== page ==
With traditional video conferencing, participants only look into a camera and onto their screens to see one another. This often leads to missed eye contact and a continued feeling of separation. With technology like the HoloLens, participants can turn their head to the left to look at the hologram of the person sitting on their left. They can turn to their right to interact with the person on their right. In addition, they can share projects and manipulate them in real-time as a team. All of this can be done in a virtual environment set in the physical world.
These are just three trends of many set to change the way we interact with one another through video conferencing. As technology continues to evolve, virtual meetings will quickly become the norm and the board room conference phone will become nothing more than a retro paperweight.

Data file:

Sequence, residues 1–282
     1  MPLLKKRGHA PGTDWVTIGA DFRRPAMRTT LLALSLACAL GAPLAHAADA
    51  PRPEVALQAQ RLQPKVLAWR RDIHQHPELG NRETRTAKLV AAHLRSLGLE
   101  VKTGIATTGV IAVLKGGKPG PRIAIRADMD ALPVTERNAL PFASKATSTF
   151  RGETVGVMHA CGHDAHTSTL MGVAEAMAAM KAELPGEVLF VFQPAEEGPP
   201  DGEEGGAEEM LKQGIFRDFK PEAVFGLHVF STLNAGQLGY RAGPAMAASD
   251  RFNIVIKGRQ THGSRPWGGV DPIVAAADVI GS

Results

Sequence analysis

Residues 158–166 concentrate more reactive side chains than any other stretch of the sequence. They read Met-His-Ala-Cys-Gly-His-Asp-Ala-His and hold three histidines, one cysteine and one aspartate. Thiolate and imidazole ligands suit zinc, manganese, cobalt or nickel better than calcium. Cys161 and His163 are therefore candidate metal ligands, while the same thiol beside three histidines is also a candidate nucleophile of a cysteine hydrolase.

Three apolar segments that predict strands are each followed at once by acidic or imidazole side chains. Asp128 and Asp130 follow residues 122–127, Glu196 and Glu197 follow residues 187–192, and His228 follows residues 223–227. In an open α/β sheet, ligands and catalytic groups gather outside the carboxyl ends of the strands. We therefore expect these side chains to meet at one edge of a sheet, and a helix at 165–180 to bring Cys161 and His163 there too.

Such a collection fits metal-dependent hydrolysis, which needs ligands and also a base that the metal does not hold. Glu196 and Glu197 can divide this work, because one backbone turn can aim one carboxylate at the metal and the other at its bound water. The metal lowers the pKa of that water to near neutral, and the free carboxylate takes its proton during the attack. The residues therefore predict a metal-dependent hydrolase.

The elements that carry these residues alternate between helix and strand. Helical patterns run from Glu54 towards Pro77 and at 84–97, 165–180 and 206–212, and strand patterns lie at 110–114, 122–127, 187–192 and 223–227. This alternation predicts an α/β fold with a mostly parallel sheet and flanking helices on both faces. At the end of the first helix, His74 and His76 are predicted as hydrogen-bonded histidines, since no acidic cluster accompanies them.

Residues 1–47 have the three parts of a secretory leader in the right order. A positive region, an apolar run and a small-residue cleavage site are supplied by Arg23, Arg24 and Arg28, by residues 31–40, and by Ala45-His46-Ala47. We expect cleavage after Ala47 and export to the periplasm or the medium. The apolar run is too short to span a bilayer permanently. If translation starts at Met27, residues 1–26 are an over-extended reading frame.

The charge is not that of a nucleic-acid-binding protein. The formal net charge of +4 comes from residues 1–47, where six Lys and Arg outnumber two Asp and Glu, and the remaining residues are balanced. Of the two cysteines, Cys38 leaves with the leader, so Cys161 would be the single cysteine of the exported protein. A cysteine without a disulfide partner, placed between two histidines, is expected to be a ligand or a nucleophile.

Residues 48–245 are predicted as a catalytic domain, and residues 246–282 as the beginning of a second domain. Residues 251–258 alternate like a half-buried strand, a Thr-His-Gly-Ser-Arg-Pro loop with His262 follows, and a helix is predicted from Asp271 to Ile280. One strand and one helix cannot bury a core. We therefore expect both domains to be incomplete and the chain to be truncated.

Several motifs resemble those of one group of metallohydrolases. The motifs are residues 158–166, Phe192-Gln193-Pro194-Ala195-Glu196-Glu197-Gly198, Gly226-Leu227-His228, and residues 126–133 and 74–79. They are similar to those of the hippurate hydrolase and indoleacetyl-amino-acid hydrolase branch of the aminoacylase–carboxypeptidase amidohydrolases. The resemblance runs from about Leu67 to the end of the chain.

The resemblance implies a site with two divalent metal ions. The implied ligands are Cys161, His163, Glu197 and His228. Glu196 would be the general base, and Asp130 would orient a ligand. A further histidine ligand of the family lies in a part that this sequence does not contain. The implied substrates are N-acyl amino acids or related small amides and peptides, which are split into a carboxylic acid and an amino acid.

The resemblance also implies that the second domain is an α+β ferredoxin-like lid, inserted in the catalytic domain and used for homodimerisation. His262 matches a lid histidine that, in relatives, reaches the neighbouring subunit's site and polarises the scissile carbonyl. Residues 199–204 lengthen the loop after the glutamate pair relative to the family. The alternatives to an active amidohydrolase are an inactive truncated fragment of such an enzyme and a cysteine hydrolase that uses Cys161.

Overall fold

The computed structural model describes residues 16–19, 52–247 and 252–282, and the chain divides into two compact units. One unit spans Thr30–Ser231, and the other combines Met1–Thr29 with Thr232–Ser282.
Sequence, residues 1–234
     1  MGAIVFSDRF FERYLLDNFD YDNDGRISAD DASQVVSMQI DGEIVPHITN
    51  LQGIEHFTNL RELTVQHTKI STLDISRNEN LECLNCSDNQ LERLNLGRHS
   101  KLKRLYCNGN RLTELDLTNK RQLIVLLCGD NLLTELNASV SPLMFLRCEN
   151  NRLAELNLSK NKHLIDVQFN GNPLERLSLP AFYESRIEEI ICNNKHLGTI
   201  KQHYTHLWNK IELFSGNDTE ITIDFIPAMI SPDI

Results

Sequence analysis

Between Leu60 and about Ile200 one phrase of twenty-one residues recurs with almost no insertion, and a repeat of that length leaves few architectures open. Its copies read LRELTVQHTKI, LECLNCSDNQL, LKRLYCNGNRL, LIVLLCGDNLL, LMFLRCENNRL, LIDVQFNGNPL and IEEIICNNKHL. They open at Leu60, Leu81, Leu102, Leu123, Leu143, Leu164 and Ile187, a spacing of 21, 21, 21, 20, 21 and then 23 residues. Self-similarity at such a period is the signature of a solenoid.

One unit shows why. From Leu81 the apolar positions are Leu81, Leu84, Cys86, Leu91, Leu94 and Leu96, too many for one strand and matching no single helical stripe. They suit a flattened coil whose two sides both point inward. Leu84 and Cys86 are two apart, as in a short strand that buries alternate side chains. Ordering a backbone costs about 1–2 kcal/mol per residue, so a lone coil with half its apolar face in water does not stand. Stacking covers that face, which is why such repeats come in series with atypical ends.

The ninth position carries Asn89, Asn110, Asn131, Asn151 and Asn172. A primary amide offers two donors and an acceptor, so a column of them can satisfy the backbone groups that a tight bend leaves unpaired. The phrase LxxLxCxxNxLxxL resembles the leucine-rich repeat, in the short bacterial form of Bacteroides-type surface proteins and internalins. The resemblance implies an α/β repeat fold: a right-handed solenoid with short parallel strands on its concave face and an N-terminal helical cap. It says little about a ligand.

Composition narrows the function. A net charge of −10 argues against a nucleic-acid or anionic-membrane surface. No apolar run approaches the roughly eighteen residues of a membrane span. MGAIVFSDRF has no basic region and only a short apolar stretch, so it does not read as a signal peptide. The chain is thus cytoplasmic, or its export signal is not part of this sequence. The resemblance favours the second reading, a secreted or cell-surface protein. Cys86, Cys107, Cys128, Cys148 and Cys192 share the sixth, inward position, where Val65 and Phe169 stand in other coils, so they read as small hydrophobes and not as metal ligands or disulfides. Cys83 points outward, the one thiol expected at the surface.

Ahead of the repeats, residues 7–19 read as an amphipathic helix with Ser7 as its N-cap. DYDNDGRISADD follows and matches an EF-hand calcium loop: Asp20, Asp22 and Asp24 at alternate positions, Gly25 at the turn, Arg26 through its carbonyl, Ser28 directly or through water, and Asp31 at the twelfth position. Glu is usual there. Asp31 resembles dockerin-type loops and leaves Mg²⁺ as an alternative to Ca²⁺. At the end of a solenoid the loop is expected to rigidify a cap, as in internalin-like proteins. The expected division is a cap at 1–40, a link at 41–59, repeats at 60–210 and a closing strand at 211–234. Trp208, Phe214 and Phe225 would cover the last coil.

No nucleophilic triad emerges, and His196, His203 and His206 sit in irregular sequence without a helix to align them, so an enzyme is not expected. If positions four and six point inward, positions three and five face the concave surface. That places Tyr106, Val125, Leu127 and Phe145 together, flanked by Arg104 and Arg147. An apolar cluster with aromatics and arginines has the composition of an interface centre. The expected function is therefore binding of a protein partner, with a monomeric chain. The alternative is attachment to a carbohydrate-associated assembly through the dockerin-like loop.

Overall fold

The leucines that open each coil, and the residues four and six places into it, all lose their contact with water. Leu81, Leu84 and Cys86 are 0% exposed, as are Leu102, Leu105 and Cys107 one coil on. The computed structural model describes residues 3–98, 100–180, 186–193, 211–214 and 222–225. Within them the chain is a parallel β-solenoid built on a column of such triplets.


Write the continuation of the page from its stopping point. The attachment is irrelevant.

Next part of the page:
used with permission from Microsoft Office Blogs
Bryan Antepara: IT Specialist
Bryan Antepara is a leader in Cloud engagements with a demonstrated history of digital transformation of business processes with the user of Microsoft Technologies powered by the team of eMazzanti Technologies engineers.
Bryan has a strong experience working with Office 365 cloud solutions, Business Process, Internet Information Services (IIS), Microsoft Office Suite, Exchange Online, SharePoint Online, and Customer Service.
He has the ability to handle the complexity of moving data in and out of containers and cloud sessions, makes him the perfect candidate to help organizations large and small migrate to new and more efficient platforms. Bryan is a graduate of the University of South Florida and is Microsoft Certification holder.